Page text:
KATE BUSH said ‘yes’ immediately. It was 1995 and Donal Lunny, composer, producer and folk icon, was curating a compilation of Irish traditional tunes, under the title Common Ground: Voices of Modern Irish Music.
It was an overview of trad, but in the context of pop and rock (Bono, Sinead O’Connor and Elvis Costello were on board). But for the old nationalist ballad, ‘Mná na hEireann’, Lunny wanted Bush.
“She is a lovely woman. Working with her was a pleasure,” he says. “I had recorded with her on the Hounds of Love and Sensual World albums. Kate had recorded several sessions at Windmill Lane studios, in Dublin, where she collaborated with Bill Whelan. He suggested we work together. So, when I was doing Common Ground she was already aware of who I was.”
There was a sticking point. Though her mother was from Waterford, Kent-raised Bush knew little Irish. Could she navigate the curlicues and cadences of ‘Mná na hÉireann’? She worried she might not have it in her.
“She took enormous care over that,” Lunny says. “She was at pains to learn Irish as well as she possibly could. For several weeks, she would send me recordings of her pronunciations, asking me for criticism or correction, which I obliged as much as I could. She knocked it into great shape. It was something she cared deeply about.”
For most musicians, collaborating with Kate Bush might rank as a career highlight. Lunny, though, has played with so many artists across the past five decades it is difficult to select stand-outs. In the 1970s, he was at the forefront of a new generation of Irish trad players, forming Planxty with Christy Moore, and later being a driving force in the Bothy Band and Moving Hearts. He also introduced the bouzouki, a guitar- like stringed instrument, from Greece to Ireland — an innovation that has gained wide currency among trad players.
Though in no way evangelical, Lunny has been keen to push the parameters of traditional music — the ways in which it could peacefully co-exist with more contemporary forms. It is too simplistic to say he wished to create trad that music pop fans would like — or vice versa.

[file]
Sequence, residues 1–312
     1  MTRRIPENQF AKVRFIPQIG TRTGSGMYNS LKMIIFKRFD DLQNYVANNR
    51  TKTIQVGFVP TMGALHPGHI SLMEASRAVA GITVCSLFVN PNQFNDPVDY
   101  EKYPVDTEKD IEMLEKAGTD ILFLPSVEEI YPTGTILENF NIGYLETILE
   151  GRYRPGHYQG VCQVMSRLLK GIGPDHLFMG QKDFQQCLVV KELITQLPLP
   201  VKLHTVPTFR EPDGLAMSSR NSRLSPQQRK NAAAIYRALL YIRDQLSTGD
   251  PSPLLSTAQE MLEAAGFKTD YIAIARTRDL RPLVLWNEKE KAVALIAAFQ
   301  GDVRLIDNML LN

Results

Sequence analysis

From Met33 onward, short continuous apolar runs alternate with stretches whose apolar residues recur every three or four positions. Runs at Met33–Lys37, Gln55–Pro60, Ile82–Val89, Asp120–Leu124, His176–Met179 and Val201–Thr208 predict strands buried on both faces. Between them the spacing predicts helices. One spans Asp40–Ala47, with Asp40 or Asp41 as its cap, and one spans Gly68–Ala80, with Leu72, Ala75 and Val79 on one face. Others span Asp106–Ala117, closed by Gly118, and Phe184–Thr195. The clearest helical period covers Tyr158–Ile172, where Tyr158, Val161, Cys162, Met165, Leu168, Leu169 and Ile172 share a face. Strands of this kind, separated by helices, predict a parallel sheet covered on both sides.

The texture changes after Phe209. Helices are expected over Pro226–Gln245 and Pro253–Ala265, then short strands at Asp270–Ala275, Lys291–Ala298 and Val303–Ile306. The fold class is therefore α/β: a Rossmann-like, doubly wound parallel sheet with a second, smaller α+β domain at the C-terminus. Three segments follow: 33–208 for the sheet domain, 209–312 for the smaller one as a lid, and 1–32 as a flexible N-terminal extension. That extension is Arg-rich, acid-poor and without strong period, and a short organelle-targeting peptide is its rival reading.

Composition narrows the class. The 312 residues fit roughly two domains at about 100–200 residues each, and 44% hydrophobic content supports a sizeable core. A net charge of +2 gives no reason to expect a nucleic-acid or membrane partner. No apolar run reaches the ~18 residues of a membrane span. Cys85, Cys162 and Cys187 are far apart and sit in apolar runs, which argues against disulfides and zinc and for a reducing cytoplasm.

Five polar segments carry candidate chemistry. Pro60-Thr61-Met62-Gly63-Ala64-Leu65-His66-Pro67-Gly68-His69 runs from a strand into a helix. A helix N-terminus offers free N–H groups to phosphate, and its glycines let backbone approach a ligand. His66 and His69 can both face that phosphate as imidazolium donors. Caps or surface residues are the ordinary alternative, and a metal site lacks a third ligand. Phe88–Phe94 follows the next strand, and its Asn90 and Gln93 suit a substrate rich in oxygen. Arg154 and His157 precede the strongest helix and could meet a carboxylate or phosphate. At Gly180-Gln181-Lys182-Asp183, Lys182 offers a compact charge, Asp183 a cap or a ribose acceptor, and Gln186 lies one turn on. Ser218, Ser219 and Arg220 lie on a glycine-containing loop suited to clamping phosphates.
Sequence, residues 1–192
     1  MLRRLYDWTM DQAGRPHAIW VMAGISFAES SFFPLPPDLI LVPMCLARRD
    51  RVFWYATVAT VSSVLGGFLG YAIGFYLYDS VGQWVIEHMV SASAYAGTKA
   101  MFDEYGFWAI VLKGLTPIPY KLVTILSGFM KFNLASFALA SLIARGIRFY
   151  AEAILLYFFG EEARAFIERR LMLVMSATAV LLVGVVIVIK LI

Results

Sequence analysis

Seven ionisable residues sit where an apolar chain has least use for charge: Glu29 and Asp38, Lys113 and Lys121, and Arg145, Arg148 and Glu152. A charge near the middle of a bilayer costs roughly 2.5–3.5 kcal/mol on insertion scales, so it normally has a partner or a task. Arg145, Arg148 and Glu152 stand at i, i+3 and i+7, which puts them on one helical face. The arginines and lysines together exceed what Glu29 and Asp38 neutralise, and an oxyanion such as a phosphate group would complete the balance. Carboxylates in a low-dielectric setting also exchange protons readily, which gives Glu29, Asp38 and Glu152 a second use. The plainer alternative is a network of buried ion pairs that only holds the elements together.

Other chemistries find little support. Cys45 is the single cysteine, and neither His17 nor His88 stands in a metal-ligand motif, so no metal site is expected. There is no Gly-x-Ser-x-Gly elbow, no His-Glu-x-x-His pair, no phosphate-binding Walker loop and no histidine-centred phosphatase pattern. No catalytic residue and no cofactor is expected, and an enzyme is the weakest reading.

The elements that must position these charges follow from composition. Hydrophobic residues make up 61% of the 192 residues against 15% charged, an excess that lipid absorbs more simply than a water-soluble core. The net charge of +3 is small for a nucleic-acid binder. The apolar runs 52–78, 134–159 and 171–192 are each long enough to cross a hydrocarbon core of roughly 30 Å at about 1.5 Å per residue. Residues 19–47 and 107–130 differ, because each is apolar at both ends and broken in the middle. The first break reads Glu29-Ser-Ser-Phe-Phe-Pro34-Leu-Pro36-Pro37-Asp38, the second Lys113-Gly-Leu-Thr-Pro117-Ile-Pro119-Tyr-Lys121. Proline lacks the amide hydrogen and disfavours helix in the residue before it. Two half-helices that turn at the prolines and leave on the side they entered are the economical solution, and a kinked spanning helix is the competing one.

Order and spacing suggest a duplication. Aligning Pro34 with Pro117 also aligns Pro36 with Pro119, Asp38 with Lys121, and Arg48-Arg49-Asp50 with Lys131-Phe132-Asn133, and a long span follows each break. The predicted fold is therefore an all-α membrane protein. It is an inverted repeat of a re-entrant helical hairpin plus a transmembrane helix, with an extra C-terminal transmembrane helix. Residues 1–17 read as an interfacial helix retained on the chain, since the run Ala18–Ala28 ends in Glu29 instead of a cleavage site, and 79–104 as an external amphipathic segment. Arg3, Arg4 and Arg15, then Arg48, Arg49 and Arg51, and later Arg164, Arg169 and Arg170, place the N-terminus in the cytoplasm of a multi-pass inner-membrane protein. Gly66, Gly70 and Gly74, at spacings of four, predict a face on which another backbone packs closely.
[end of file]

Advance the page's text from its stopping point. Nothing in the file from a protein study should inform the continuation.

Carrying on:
Nevertheless, when he contemplates the broad sweep of his career, that is close to what he has achieved. He has demonstrated that folk is living, ever-evolving — not some dry and dusky museum piece.
“I was dedicated to expanding the reach of traditional music,” he says. “You want to push the boundaries and broaden the treatment of the music in an acceptable way — one that wouldn’t turn people off, that wasn’t alien to the music. It was a matter of finding approaches that worked. You could put a drum and bass on a track and it would turn 90% of traditional music fans off straight away. It destroys the music; it is insensitive. What you want to do is add things without obscuring it, or changing it too much.”
Lunny was born in 1947 in Tullamore, Co Offaly. He grew up in Newbridge, Co Kildare, where at school, he met Christy Moore. It would be several years before their friendship blossomed into collaboration. Lunny’s first project, Emmet Spiceland, was a harmony group that enjoyed chart success. However, he discovered his true passion was traditional sounds. Soon, he and Moore were travelling around rural Kildare, playing in fireside sessions and honing their craft.
Bono has referred to Lunny as Ireland’s answer to US producer Quincy Jones. Certainly, he has been prolific. Lunny has midwifed albums by Elvis Costello, Sinead O’Connor and any trad band of significance.
There is less studio work nowadays, he says. With record sales collapsing, and labels suffering straitened finances, the old ways of doing things are coming to an end. “Record companies are no longer the main financiers. People are doing on it their own — using crowd-funding or recording albums in their home You have virtual studios on computers now. Twenty years ago, that was unheard of. Everything has changed drastically. I don’t have the opportunity to work in studios with musicians and bands as much lately.”
At Cork Folk Festival, he will play with Mozaik, a longstanding collaboration with Irish-based Andy Irvine, Rens Van Der Zalm from the Netherlands, Bruce Molsky from the United States, and Nikola Parov from Bulgaria.
“It will be a heady mixture,” Lunny says. “A blend of Irish music, old-timey American music, East European music… Of course, you have to be selective, find pieces that work together. We have managed that, so far. Because we are scattered geographically, you don’t get a chance to tour that often. Everyone is involved in different things. It is difficult to build momentum. At one point, Rens was living in Australia, I was in Japan, Andy was in Ireland, Bruce was coming in from New York and Nikolai was in Budapest. We almost had to do an extra tour to pay for the flights.”
Whatever about the economics, it all seems to make sense in the music.